After X86 servers, is IBM gearing up to sell its chips business too?

IBM could wriggle out of semiconductor manufacturing after several challenging quarters for its hardware business.

IBM has reportedly hired Goldman Sachs to search out potential buyers for its semiconductor business.

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Claims of its search for buyers comes from the Financial Times, quoting sources familiar with the move, which could involve a complete sale of, or finding a joint venture partner for, its semiconductor business.

News of the possible sale comes just two weeks after IBM agreed to sell its x86 server business to Lenovo, after announcing it would be turning its focus to cloud and Watson-based cognitive computing .

The FT notes that there are only a few companies in the world that would be in the position to buy IBM's chip business, which the company has spent billions on over the years in order to develop its manufacturing capacity. Rivals that could acquire the business include Intel, Samsung and chip manufacturing groups GlobalFoundries and TSMC.

Besides building chips for its own servers, IBM does third-party contract manufacturing and used to supply processors for Sony's and Microsoft's gaming consoles. However, both companies have since moved to AMD's chips, according to the Wall Street Journal.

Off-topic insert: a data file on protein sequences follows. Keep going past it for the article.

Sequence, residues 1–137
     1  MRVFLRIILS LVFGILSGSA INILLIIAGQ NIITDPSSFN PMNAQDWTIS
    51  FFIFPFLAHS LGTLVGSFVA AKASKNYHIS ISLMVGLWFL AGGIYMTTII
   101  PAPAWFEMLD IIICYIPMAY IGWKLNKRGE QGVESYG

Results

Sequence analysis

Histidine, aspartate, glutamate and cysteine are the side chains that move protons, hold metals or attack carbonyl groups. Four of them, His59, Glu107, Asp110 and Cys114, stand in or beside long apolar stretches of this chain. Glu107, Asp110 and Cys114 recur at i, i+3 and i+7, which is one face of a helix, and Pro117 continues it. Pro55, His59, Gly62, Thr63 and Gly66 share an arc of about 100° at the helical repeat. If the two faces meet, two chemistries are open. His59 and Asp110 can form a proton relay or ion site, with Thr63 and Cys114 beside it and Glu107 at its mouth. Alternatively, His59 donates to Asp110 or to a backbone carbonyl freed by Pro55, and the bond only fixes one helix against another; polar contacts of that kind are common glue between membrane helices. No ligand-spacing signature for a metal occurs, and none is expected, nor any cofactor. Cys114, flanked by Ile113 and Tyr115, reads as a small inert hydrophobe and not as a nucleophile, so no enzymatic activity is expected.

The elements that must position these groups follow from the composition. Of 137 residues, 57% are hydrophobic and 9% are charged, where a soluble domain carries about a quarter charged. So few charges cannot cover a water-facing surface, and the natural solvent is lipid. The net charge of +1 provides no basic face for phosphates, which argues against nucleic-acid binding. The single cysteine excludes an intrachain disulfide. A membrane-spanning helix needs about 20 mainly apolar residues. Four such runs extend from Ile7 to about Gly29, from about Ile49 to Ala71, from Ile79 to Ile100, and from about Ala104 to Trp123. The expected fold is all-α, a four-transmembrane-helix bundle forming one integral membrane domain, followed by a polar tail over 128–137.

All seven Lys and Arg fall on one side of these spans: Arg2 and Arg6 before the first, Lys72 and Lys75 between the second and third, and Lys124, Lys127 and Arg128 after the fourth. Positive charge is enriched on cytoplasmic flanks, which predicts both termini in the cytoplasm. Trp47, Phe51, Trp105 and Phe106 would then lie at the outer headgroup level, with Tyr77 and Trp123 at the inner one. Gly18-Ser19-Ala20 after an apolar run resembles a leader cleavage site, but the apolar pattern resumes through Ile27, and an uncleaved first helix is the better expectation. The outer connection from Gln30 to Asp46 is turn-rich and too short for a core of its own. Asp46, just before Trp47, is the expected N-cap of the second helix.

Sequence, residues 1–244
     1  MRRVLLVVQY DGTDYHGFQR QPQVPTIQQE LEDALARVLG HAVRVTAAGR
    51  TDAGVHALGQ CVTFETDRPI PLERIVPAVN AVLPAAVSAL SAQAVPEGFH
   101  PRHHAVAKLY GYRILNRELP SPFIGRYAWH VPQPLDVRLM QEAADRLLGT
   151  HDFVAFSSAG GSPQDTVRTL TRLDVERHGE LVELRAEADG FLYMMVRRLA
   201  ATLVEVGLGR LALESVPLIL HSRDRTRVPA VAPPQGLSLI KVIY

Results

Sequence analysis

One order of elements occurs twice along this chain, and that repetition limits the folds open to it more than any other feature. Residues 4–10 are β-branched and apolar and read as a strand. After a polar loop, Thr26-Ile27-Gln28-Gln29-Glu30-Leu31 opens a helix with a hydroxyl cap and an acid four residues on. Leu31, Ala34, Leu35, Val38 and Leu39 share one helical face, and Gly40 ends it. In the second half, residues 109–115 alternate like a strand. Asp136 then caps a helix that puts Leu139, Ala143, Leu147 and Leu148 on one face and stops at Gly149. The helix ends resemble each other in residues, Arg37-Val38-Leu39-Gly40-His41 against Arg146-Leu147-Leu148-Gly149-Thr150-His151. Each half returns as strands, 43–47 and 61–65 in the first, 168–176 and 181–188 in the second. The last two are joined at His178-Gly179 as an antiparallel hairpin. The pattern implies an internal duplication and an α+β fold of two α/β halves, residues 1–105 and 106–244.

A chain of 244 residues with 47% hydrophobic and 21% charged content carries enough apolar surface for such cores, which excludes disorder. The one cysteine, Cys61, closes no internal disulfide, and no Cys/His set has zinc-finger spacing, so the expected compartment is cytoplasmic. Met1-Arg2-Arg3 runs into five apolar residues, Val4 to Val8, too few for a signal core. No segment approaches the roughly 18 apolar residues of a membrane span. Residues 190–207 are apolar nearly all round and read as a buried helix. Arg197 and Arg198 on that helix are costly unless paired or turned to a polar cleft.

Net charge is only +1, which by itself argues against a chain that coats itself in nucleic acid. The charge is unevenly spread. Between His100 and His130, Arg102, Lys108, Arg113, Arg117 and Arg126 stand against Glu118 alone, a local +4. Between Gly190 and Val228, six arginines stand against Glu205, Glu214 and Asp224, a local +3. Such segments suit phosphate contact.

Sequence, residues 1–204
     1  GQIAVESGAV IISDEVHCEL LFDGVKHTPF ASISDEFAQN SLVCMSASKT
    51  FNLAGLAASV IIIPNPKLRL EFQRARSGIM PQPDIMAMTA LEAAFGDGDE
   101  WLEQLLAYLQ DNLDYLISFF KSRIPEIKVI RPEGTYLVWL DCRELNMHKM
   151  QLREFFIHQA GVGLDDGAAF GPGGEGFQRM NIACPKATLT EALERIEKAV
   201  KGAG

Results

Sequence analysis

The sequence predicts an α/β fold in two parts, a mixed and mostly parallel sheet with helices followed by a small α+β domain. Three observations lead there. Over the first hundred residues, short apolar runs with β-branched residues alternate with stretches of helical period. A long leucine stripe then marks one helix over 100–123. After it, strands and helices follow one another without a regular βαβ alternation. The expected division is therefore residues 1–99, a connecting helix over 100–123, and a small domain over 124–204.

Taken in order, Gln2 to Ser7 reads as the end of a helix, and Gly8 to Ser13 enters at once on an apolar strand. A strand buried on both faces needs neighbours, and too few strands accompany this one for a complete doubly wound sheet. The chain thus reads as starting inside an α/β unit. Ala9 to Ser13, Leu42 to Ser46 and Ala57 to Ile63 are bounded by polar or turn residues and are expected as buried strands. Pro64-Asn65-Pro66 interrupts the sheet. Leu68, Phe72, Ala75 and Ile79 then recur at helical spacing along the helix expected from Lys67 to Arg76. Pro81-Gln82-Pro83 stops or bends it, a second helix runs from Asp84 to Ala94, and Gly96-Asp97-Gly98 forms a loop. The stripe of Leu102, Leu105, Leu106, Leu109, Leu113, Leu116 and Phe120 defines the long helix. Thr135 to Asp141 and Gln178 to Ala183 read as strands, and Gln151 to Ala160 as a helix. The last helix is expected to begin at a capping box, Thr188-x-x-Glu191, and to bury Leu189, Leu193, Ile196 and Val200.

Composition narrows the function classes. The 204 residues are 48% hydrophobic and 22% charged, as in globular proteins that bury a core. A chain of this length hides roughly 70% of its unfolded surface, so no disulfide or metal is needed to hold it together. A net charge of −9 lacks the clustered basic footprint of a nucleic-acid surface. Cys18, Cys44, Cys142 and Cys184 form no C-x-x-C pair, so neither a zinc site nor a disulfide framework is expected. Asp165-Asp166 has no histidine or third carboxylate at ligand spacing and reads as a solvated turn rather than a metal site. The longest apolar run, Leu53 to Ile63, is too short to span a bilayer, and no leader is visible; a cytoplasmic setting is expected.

According to the paper, research company Bernstein forecasts the unit's estimated revenue will fall from last year's $1.75bn to $1.45bn this year, maintaining consistent pre-tax losses of $130m over both periods.

OEM revenues from IBM's chip business were down 33 percent year on year when it reported its fourth quarter 2013 earnings. The unit sits within IBM's systems and technology hardware division, which has seen a tough few quarters with Q4 revenues down 26 percent from a year ago to $4.3bn.

That came off the back of a tough third quarter for IBM's hardware business, particularly in China where hardware revenues declined 22 percent from a year ago.

IBM had not responded to ZDNet's request for comment at the time of publication.

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